A traditional workers’ cottage is transformed by interior designer Fiona Lynch into a refined and dynamic home that reflects the identity of its owner, Melbourne artist Tom Adair.

Words and Article by The Local Project

Art by Tom Adair | Design by Fiona Lynch | Photography by Dave Kulesza | Styling by Bea and Co


Tom’s mixed-media artwork combines airbrush and hand-bent neon, inspired by his youth growing up in the Melbourne street-art scene and a keen interest in architecture and design, particularly the iconic mid-century modern architecture of Palm Springs, California. 


While, Tom explains, he did not want his own artwork to dominate Fiona Lynch’s design of the interior for the Cotter Street House, the electrical component and weight of his neon works nonetheless required careful planning of wiring and wall structure, as well as the specification of recessed, flush electrical outlets by ZETR. The influence of Tom’s work as an artist is also felt in the brief for a minimalist, gallery-like space that is enlivened by a contemporary art collection, and by the addition of playful, unexpected hidden details. 


Tom and his wife Nikki purchased Cotter Street at auction in 2010, with the house in an exceptionally run-down, barely-livable condition. Yet after searching for months in a soaring property market, they fell in love with the inner-city location, and so despite its condition, they were more than willing to renovate the property themselves. Seven years later, they embarked on the decision to undertake another renovation, engaging Fiona Lynch whose work Tom had admired for many years during his time in the role of Homewares Manager at Jardan Furniture.


“Fiona Lynch was our first choice, I had always loved the colour palette, materials and aesthetic of their work,” Tom says. Fiona Lynch re-planned the space to accommodate a guest area and intimate private suite on the lower level, opening to a secluded courtyard. Above, an open kitchen, living and dining area presents a welcoming entertainment zone complete with an outdoor deck and terrazzo-clad barbeque plinth. “The Fiona Lynch team made improvements to the floorplans, storage and joinery that changed the house dramatically and really made it worthwhile,” reflects Tom.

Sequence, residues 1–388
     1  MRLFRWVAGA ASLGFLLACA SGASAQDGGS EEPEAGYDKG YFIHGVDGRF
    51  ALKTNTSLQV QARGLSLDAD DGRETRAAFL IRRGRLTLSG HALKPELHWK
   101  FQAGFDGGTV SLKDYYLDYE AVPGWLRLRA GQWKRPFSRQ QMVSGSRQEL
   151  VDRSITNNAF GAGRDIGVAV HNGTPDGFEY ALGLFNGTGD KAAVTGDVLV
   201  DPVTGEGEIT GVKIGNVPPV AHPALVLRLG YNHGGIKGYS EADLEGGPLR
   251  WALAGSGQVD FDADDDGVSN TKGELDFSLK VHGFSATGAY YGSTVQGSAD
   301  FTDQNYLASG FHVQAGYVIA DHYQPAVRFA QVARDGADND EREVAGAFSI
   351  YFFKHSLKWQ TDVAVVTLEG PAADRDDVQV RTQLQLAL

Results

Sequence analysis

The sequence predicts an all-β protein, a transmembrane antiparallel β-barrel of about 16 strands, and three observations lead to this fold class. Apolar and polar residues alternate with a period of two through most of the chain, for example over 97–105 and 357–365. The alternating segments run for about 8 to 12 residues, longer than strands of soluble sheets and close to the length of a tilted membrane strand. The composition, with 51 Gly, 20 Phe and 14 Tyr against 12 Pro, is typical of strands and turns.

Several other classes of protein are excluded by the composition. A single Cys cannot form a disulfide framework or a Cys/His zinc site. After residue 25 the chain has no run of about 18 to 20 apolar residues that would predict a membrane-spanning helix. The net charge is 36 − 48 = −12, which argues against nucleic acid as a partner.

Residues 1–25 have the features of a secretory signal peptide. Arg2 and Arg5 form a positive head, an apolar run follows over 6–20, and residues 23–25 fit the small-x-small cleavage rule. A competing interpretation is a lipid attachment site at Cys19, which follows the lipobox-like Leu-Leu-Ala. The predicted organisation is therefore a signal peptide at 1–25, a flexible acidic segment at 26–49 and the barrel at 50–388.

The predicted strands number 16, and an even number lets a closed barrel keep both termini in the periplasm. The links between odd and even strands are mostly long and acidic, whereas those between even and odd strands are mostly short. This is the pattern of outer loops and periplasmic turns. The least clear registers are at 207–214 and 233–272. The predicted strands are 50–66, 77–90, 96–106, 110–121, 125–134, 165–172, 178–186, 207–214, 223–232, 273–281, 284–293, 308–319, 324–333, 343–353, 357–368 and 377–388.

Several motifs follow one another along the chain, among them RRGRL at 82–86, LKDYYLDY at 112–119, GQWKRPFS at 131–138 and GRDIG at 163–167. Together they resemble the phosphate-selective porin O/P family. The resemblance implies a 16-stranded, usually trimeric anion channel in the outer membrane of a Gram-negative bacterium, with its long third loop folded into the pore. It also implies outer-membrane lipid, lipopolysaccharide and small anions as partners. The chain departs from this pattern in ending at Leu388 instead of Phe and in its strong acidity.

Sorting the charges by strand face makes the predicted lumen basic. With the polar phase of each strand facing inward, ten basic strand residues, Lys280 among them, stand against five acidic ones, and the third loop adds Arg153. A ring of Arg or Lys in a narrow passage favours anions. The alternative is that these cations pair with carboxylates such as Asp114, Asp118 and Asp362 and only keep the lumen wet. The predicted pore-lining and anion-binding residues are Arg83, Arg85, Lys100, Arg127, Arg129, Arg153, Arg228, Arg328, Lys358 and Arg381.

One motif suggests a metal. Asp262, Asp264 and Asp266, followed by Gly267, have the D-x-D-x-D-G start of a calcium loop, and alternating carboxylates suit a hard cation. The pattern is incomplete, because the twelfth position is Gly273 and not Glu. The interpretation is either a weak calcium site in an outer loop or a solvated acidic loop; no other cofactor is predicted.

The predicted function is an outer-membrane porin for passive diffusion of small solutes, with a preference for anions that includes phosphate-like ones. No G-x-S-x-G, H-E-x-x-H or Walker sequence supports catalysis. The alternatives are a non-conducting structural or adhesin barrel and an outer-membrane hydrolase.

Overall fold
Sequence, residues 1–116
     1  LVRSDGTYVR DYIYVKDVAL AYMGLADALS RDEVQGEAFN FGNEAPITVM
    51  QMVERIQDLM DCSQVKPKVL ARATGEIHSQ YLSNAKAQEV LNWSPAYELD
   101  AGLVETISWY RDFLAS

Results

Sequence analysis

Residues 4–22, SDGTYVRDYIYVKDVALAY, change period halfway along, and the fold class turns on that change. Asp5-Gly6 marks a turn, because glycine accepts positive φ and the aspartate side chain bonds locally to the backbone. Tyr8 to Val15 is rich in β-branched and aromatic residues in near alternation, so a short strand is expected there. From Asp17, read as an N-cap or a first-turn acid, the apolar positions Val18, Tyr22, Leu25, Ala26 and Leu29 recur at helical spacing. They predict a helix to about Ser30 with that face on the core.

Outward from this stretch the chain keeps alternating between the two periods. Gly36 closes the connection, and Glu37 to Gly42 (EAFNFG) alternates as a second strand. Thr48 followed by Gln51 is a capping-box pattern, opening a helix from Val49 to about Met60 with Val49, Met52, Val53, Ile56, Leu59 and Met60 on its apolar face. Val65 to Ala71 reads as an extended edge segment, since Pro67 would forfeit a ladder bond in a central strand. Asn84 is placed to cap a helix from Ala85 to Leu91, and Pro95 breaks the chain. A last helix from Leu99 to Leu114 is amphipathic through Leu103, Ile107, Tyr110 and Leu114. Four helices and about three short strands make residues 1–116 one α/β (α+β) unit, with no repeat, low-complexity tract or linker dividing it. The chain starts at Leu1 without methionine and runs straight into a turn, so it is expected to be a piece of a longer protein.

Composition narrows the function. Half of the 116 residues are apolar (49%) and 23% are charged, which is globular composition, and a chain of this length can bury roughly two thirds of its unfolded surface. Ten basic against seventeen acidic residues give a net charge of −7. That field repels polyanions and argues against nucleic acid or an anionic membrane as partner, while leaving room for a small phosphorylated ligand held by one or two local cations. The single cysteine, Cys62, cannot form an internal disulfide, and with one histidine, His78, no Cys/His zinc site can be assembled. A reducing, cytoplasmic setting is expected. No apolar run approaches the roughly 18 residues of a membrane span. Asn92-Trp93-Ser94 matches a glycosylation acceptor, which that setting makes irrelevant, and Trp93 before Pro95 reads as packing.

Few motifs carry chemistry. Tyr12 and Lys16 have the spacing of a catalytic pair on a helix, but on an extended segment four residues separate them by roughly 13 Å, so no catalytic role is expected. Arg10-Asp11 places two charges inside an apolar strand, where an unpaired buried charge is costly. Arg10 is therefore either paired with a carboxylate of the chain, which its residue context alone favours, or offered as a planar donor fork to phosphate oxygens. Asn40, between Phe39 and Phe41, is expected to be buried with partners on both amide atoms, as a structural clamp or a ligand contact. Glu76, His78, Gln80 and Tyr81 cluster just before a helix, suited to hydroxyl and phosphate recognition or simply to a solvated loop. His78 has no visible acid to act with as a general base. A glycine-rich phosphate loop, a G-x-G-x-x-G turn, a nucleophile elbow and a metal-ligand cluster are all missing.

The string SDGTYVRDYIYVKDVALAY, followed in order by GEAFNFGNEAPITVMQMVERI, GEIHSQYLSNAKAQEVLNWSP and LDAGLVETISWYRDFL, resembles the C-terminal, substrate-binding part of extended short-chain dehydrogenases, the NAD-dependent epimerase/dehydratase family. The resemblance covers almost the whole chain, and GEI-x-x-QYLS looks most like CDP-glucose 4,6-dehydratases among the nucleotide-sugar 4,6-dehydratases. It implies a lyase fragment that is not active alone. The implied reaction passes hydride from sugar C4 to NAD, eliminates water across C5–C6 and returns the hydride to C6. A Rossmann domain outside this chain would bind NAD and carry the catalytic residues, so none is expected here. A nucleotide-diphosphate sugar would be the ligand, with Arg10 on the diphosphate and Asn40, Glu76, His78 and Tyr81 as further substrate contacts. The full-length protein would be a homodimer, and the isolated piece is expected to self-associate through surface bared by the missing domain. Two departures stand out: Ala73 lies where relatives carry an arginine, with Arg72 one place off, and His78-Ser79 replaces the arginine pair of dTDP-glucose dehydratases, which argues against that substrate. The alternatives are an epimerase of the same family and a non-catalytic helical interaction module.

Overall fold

True to the Fiona Lynch studio’s design sensibility, the home is richly layered with tactile materials. A sophisticated base palette of polished plaster, grey marble, white steel and natural oak is punctuated with playful bursts of rose-tinted mirror, bright colour accents and polished brass details, while the continuity of materials and detailing crafts a cohesive experience throughout the home. Tall bespoke joinery is lowered to a consistent datum throughout the interior, and low-height pieces topped with stone invite personalisation with objects and art from Tom and Nikki’s collection. 


With such an emphasis on the highly considered palette of materials, it was important to find design solutions that allowed the materials to shine and kept interruption to a minimum. Electrical outlets and switches are a necessity in every house, yet often pose a problem as they intrude on the materials and obstruct the design. As the switches and outlets also have a tangible effect on the experience of his artwork, Tom was especially invested in finding a solution to this problem.


“I’d been looking at electrical switches for some time before the house was even started, and there wasn’t much on the market that appealed”, says Tom. “All the generic brands were too clunky and the ‘fancy’ models were too shiny or fake looking with terrible designs that belong in the early 2000s!”. When he discovered Australian company ZETR, who specialise in trimless, fully-flush and recessed outlets and switches, Tom says, “I knew it was something that was going to be a non‑negotiable in the house.” — TOM ADAIR


ZETR founder Garth Elliot, who met with Tom and the Fiona Lynch team during the project, says he has “huge” respect for Tom and work. “It’s so cool to see, then, his artworks lit up with neon that’s been powered by a ZETR fixture in a very discrete way. Where the power supply cables for Tom’s neon artworks are connected to ZETR outlets, it almost appears that they originate out of a blank wall space which means we achieved our design aim”. 


Throughout the entire project, ZETR products were specified as “the power points are so minimalist that it allowed us to have more power points throughout the house for convenience,” Tom says. “No other light switch or power point compare, honestly we couldn’t be happier with the finished product. Falling away seamlessly and being flush into the materials, they allow the finishes selected by Fiona Lynch to speak for themselves,” he adds.

Nearly 10 years since Tom and Nikki first purchased the home, the Cotter Street house was a project many years in the making. The final result demonstrates a tireless yet evolving vision for what the once run-down cottage could become, with an interior that is designed down to the finest detail, striking a delicate balance between boldness and refinement.